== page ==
Colorized Postcards

Fig. 1: Here you can read how at ONB Labs we colorized the postcard on the left (with the result on the right) using a deep neural network that was trained on ONB's collection of color historical postcards.

Historical Postcards: Black & White vs. Color

At ONB Labs, we provide metadata for a data set of 34,846 digitised historical postcards, of which 27,179 are printed in black and white, and 7,667 are printed in color. You can browse through the dataset here. This dataset is part of the larger set of all historical postcards of the ONB, which can be accessed via the AKON platform. However, for the ONB Labs dataset we have only selected those postcards from the AKON dataset which are in the public domain.

As roughly three quarters of the postcards in our dataset are printed in black and white we asked ourselves if we could use an algorithm from computer vision to colorize them. As the color postcards subset is of ample size, we also had hopes to use machine learning methods to perform training on this subset. One difficulty for the project that was apparent before starting was the different color palette of historical postcards compared to modern photographs. The difference is probably due to aging processes and different printing methods being used for these postcards.

R. Zhang's colorization Project

One of the open source projects that we came across is by Richard Zhang (research scientist at Adobe Research) and his collaborators that is based on two papers (see Colorful Image Colorization and Real-Time User-Guided Image Colorization with Learned Deep Priors). In both cases they use a Convolutional Neural Network (CNN, see the blue part in figure 2) to create a color image starting from a grayscale image. On GitHub you can find code to run a demo version of their program.

Fig. 2: Neural Network structure used by R. Zhang et al. Image credit by R. Zhang.

The two models presented in the two papers were trained on a very large training dataset containing over a million images. As the models work in Lab color space, any normal color image can be used for training: The model takes as input the L-channel (lightness) and predicts an ab-channel (color information) which can be compared to the ab-channel of the original image.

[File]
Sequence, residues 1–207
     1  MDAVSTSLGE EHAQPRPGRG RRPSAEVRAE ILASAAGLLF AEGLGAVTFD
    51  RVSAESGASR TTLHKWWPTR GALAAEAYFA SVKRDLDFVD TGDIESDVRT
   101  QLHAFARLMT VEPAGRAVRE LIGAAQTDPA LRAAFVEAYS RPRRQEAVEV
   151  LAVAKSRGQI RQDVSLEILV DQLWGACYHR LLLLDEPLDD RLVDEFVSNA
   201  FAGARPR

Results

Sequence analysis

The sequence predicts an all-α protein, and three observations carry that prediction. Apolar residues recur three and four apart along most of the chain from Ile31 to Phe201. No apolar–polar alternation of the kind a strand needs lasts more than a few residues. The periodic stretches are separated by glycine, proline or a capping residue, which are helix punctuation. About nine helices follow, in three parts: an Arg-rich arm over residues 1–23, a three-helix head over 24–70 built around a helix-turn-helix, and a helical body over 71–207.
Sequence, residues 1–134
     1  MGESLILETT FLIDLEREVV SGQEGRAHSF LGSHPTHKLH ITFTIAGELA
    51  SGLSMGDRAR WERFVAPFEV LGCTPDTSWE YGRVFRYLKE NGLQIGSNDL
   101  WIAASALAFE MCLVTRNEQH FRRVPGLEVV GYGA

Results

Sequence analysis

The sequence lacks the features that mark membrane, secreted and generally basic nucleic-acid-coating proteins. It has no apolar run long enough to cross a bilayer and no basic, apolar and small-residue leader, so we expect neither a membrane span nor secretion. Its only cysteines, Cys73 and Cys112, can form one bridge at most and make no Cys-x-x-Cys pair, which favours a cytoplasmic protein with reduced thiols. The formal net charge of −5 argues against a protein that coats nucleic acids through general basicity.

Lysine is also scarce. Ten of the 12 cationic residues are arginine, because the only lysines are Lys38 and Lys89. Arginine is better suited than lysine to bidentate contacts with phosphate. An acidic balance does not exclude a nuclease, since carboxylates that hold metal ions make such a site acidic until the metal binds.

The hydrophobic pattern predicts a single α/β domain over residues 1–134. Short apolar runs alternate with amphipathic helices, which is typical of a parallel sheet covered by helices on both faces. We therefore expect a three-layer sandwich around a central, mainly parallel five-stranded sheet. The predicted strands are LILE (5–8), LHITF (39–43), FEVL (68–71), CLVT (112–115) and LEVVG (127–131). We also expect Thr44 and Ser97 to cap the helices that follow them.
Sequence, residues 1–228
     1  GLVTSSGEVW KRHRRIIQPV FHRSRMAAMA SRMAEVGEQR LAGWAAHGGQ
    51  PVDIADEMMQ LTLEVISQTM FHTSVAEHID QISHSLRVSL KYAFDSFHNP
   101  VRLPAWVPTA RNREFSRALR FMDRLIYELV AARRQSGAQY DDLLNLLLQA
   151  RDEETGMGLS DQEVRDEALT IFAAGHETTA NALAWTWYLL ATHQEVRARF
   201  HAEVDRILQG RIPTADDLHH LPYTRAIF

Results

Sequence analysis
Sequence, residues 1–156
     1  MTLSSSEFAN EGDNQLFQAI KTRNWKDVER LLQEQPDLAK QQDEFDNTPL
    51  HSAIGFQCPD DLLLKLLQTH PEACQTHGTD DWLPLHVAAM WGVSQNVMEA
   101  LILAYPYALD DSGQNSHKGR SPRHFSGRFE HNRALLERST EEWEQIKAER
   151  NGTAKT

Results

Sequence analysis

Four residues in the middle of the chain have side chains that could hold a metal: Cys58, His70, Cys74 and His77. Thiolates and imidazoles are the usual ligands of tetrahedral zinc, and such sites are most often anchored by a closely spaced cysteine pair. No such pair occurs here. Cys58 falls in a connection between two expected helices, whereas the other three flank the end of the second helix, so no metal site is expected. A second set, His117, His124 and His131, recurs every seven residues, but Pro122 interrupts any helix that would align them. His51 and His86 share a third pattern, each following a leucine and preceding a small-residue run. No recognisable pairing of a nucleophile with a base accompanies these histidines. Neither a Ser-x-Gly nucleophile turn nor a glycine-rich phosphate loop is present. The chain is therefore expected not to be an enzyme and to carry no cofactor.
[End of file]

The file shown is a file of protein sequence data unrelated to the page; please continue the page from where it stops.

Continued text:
See figure 3 for a sample case of applying the two models (ECCV16 and SIGGRAPH17) of R. Zhang and collaborators to a black and white historical postcard. Typically, ECCV16 outputs a more colorful, saturated image, while SIGGRAPH17 more consistently outputs an image with believable colors at the cost of a more uniform color palette. Both models manage well to recognize skies and trees (and colorize them adequately), which are presumably well represented in the training data.

Fig. 3: Sample of our comparison of the original black and white (apart from the printed name) postcard on the left and colorized outputs from the ECCV16 (middle) and SIGGRAPH17 (right) models.

How to train your own network

We wanted to employ the method of transfer learning to adapt the SIGGRAPH17 model from above to the setting of historical postcards and train our own model. As a first step we built up our training data set: From the collection of all historical postcards (see here for the metadata of all postcards) we selected those with a color marker and downloaded them in 256 × 256 pixel resolution, as the models from above work with this resolution. See figure 4 for a sample view of our training data, altogether we used 7,667 images for training.

Fig. 4: A sample of 32 images from our training dataset.

In the next step we initialized the SIGGRAPH17 model and fixed all its parameters except those in the 10th layer. Then we performed training only on the 10th layer using our training dataset, see our GitLab repository for the code that was used to train the network and to download the training data. To run the training in reasonable time (hours instead of days) we recommend using GPU hardware. You can use your own or, for example, run the Jupyter notebook in Google colab, which provides free (albeit limited) access to GPUs for training machine learning models.


Finally we wanted to compare the output of the two models of R. Zhang et al. and the model that we trained ourselves on the collection of color postcards. See below (figure 5) for a sample of applying these models to black and white postcards.

As we start from black and white images, there is no objective metric to judge the quality of the colorized output (i.e., there is no ground truth for these images). However, humans can judge the plausibility of the color images. Overall, the images produced by our own network (or more precisely, by having re-trained the 10th layer of the SIGGRAPH17 network) have plausible colors, but they appear to have a historical tint with more green in the whole image. This is probably due to the many colored postcards in the training set with green landscapes on them.

Fig. 5: Comparison of different colorization models. From left to right: original image, ECCV16, SIGGRAPH17, ours.


Did this demonstration arouse your interest in machine learning? Would you like to color in your own black and white images? Please do send us an email if you have any questions or feedback, we are looking forward to hearing from you!

The complete code base is available in the repository for this project on our public GitLab platform, containing (among various Python scripts) a Jupyter notebook that explains how to train your own network.